BHP has announced that it will implement a fleet of automated trucks at its new Jimblebar mine, and is investigating going completely truckless at future operations.
Taking a leaf out of Vale's book, the miner is looking towards in-pit crushing and conveying systems as an alternative to trucks on site, the SMH reports.
Earlier this year Vale announced that it will make its Carajas Serra Sul S11D iron ore mine completely truckless.
It will use shiftable conveyor belts instead of off-highway dump trucks to move the ore from the mine to the processing plant.
"This is the first time a 'truckless' solution will be used on a large scale at an iron ore mine," according to the company.
Now BHP executive Marcus Randolph has said the miner is looking into using the same technology at its mines.
''The technology has shifted … We have got to a point where we have sizers and crushers of substantial size that you can move in a day or two,'' he said.
''We are getting to the point where you can bring your crushers much closer to the face and it is practical to run mines without the truck, where the loading gear loads straight into your bulk mining system.''
He went on to say that the site can run much more efficiently if the trucks are removed.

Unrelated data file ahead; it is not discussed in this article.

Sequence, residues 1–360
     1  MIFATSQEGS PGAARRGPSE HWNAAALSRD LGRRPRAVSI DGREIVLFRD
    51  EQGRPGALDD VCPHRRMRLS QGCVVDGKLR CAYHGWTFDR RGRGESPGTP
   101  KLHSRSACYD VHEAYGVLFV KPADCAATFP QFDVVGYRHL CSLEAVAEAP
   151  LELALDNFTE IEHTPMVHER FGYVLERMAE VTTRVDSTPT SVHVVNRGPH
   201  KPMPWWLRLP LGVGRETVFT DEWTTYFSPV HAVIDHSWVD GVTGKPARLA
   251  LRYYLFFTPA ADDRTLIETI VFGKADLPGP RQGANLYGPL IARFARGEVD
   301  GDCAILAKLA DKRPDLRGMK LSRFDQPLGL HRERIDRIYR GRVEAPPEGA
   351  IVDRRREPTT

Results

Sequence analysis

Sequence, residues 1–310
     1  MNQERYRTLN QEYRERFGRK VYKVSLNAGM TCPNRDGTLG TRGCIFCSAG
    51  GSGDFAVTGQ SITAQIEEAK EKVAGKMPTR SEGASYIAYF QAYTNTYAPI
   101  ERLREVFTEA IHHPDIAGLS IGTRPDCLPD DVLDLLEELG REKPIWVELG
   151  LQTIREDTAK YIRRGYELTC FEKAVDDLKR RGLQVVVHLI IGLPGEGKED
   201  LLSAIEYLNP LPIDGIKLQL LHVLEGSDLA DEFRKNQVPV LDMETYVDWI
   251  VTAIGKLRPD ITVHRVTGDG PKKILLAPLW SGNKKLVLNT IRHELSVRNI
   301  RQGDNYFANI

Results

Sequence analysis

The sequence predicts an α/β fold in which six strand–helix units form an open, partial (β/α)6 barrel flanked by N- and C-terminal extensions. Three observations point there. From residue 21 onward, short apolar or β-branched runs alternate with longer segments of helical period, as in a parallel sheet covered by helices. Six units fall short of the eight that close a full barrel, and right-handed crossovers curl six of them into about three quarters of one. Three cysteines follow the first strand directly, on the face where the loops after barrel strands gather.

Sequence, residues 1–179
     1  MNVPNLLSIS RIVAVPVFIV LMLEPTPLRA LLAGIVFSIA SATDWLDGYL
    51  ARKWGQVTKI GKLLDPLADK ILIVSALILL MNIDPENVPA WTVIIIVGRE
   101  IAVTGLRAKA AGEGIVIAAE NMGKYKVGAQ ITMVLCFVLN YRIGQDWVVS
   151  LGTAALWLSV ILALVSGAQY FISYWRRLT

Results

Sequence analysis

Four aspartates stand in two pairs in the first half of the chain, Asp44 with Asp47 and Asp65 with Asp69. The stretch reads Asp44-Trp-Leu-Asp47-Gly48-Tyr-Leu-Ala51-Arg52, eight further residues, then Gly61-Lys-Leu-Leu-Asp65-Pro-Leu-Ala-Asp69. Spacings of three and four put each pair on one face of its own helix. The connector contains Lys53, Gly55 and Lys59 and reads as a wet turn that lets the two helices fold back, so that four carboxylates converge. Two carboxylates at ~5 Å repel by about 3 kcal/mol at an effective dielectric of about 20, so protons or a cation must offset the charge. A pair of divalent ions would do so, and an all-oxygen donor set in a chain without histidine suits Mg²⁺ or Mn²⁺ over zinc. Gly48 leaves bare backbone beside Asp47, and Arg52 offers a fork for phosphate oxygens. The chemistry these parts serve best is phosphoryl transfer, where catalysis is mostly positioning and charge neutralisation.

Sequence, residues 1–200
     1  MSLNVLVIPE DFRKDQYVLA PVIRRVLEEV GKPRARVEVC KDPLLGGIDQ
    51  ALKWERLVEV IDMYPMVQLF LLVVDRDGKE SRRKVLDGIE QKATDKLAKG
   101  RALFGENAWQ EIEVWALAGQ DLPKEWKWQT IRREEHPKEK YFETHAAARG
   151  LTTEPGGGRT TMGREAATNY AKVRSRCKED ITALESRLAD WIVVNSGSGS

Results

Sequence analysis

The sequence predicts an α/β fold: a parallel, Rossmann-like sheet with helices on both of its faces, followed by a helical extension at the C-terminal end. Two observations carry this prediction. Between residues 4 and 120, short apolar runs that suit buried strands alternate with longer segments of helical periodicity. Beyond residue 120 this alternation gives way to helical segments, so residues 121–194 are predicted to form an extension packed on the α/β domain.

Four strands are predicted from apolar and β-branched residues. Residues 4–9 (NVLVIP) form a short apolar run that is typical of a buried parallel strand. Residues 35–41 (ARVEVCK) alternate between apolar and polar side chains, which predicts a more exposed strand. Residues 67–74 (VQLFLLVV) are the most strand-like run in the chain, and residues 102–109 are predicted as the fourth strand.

''When you run a truck, it takes 10 to 11 employees for every truck,'' he said.
''It takes 4½ to five to run it, all the crews that do the maintenance on it, all the camp people that do the camp cleaning and cooking and everything else.
''If you go autonomous you get rid of half of those. If you go truckless you get rid of all of them. You do this at a time when you see increasing diesel prices, carbon taxes, a number of reasons why getting rid of trucks or using fewer trucks is desirable.''
Vale supported this, stating that using "a truckless system significantly reduces operating costs and produces lower carbon emissions.
"If the S11D mine were to be operated using trucks it would need around 100 trucks and consume 77% more diesel per year."
However it is not completely discounting the future of trucks on its sites, saying it will "focus on both".
"We haven't talked a lot about what we're doing on these fronts because I'm not sure being first is going to be a great idea," Randolph told The Australian.
"The real goal is to get the productivity and the cost improvements these technologies can offer. Just implementing them doesn't do that," he said.
"I think we are going to leapfrog [Rio Tinto and its automated fleets] in terms of what we're going to get out of it."
At its progressing Jimblebar operation, BHP has already earmarked a fleet of between 12 and 15 automated Caterpillar trucks.